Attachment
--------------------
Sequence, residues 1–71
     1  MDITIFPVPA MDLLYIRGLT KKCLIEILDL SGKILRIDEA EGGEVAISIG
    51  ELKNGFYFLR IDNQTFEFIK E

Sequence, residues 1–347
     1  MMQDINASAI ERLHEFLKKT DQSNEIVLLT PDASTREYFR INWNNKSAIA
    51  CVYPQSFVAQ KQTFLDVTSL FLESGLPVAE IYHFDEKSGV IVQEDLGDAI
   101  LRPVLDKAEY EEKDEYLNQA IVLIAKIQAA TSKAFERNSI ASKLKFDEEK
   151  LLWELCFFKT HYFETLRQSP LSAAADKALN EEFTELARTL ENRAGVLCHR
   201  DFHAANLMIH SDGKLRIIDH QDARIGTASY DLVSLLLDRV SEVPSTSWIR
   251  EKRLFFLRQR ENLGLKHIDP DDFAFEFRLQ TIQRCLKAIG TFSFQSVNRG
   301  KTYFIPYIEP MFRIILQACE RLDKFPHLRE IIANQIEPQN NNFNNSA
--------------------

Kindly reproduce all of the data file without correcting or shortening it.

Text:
Sequence, residues 1–71
     1  MDITIFPVPA MDLLYIRGLT KKCLIEILDL SGKILRIDEA EGGEVAISIG
    51  ELKNGFYFLR IDNQTFEFIK E

Sequence, residues 1–347
     1  MMQDINASAI ERLHEFLKKT DQSNEIVLLT PDASTREYFR INWNNKSAIA
    51  CVYPQSFVAQ KQTFLDVTSL FLESGLPVAE IYHFDEKSGV IVQEDLGDAI
   101  LRPVLDKAEY EEKDEYLNQA IVLIAKIQAA TSKAFERNSI ASKLKFDEEK
   151  LLWELCFFKT HYFETLRQSP LSAAADKALN EEFTELARTL ENRAGVLCHR
   201  DFHAANLMIH SDGKLRIIDH QDARIGTASY DLVSLLLDRV SEVPSTSWIR
   251  EKRLFFLRQR ENLGLKHIDP DDFAFEFRLQ TIQRCLKAIG TFSFQSVNRG
   301  KTYFIPYIEP MFRIILQACE RLDKFPHLRE IIANQIEPQN NNFNNSA